It probably won’t surprise Celsias readers to learn that concern about global warming has tapered off in the United States. That country, after all, just went through the sort of financial crisis that portends another Great Depression when it saw its credit rating downgraded for the first time in recorded history.
Okay, granted, the U.S. doesn’t have that much written history. Less than 300 years, while Jolly Old England (Britain) can effectively date its history back to 1042, the reign of Edward the Confessor, and the soon-to-be completion of Westminster Abbey (official site of the seating and interring of England’s kings and queens).
In the U.S., according to the Nielsen survey, global warming concern has dropped from 72 percent in 2007 to 69 percent in 2011. Global warming deniers point to the figure as proof that the American public is finally seeing through the deception of carbon dioxide as an atmospheric pollutant that traps heat inside the bottommost, weather-related layer of earth’s atmosphere; the troposphere.
These deniers insist that the furor over global warming is nothing more than a way to collect carbon taxes – air being the last untaxed venue on the planet. (Even the water you get from your public water facility carries a well-hidden tax, monies from which are used to refurbish or upgrade the system).
The rest of us understand that – when peoples’ livelihoods are threatened (as they have been in the U.S. since the beginning of the Great Recession in 2008) – concern over global warming/climate change falls to second or even third place. First comes food, and shelter, then come societal concerns like warming, equal rights, and war.
Unsurprising, global warming concerns remain highest in Latin America, the Mideast, Africa and the Asia-Pacific region – places where climate change has, until recently, exhibited its most devastating effects. This elevated level of concern in Latin America is exemplified by Ecuador and Bolivia, each of whom has declared Nature a person, with rights of Her own.
In Africa, in Kenya, they are turning back toward crops they grew – and grew well – before the white man came with melons and pineapples. Called indigenous agriculture, these edible native plants show that wisdom isn’t always found between the covers of books.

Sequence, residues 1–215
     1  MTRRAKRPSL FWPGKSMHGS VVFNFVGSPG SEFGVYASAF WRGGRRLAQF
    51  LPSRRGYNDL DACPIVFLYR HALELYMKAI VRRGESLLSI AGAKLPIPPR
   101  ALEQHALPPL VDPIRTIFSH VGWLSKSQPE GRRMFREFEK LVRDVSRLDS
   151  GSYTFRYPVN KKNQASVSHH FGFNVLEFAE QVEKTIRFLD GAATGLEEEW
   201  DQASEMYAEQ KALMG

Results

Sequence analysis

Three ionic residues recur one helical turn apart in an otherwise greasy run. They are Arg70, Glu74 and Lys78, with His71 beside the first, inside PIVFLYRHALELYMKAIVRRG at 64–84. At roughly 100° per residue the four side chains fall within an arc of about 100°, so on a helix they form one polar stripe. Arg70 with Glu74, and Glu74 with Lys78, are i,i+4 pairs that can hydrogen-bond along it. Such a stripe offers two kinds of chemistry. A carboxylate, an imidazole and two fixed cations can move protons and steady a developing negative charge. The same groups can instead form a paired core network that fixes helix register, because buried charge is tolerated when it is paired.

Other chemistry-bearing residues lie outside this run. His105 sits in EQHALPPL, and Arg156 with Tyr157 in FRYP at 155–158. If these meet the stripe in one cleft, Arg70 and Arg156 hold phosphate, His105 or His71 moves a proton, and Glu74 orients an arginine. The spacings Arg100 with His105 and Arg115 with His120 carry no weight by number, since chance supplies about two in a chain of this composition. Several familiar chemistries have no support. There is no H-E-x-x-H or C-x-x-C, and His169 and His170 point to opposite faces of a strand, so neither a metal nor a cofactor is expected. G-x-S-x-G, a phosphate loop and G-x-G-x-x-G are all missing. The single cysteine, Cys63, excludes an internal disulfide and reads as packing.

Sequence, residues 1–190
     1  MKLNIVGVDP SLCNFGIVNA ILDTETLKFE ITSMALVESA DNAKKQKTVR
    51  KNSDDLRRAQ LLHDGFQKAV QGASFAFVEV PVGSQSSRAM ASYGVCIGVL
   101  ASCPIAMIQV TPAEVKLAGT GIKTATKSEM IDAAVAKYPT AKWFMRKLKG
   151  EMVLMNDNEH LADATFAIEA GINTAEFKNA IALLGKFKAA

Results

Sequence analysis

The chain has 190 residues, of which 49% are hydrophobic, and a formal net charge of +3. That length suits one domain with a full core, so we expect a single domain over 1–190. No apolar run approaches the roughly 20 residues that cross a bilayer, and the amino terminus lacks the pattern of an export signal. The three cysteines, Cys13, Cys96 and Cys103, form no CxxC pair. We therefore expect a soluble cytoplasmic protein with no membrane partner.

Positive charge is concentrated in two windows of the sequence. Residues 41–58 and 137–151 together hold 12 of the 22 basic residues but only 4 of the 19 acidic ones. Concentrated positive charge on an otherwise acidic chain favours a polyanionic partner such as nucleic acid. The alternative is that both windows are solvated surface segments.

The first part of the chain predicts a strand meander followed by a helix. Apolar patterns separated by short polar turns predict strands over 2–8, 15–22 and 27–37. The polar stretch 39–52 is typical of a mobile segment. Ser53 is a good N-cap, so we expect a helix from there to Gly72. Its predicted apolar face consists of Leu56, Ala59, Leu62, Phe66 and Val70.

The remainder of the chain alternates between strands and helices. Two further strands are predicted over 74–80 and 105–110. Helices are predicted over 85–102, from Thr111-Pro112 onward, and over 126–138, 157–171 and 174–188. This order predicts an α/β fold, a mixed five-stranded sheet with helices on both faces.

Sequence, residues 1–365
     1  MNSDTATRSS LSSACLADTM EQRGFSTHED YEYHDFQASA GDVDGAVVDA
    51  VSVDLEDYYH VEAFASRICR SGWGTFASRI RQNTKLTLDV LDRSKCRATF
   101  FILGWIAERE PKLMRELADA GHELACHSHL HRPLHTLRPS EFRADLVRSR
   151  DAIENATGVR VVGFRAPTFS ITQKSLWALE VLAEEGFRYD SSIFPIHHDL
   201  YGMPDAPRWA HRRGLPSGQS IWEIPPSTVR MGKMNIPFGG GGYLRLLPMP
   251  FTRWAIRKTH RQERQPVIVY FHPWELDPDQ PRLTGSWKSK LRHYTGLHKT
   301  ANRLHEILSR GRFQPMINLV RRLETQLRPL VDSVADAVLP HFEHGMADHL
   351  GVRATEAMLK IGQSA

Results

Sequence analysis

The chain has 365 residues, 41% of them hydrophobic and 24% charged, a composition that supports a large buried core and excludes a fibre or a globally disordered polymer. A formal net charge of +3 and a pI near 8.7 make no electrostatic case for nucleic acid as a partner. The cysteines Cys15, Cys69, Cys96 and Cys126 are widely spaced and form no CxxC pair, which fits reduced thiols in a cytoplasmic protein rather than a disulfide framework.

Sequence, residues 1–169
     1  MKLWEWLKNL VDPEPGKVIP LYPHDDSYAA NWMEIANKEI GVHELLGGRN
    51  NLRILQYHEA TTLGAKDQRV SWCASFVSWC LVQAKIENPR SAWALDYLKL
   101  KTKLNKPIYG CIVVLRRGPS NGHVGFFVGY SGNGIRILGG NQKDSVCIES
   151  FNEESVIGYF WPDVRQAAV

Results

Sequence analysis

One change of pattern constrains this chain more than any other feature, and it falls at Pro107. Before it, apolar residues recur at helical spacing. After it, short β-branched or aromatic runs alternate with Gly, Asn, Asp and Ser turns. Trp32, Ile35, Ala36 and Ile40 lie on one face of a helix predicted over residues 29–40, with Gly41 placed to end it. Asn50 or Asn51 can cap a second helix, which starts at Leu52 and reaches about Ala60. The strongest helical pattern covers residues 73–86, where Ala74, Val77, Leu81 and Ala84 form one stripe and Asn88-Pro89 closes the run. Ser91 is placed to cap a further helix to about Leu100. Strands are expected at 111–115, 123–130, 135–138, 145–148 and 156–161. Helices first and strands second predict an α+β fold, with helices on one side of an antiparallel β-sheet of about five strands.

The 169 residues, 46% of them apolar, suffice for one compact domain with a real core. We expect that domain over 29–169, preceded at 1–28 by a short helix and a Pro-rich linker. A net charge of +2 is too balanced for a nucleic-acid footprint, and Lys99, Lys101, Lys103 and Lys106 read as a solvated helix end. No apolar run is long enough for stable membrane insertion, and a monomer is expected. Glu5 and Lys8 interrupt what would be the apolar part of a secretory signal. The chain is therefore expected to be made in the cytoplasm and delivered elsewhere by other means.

In the Mideast, we have the singular example of Masdar City, a Mecca of civilization in the desert which will be powered by renewable energy (and the belief that mankind can live on the planet without contaminating it with hydrocarbon wastes).
In the Asia-Pacific region, we have the example of Bangladesh, the most crowded nation on earth, and one set to disappear under the blue surface of the Indian Ocean by the end of the current century if global warming continues apace – and perhaps even if it doesn’t, given the level of average temperature increase that has already occurred.
And then there is China. But this is another surprise. America, caught up in the slow death of its extravagant capitalist lifestyle, apparently doesn’t have time to worry about a two-degree rise in temperature. China, equally caught up in its race to overtake the developed world in terms of production and lifestyle, also doesn’t have time. In that nation, concern over global warming has fallen 17 percent in the last two years, proving yet again that when you fill a man’s rice bowl every day, he’s willing to die of slow poisoning.
A final takeaway from the survey? In North America at least, people believe that buying locally is the best thing they can do for the environment. This bodes poorly for China, which is busily trying to entice American eaters with its frozen veggies, garlic, honey and fish.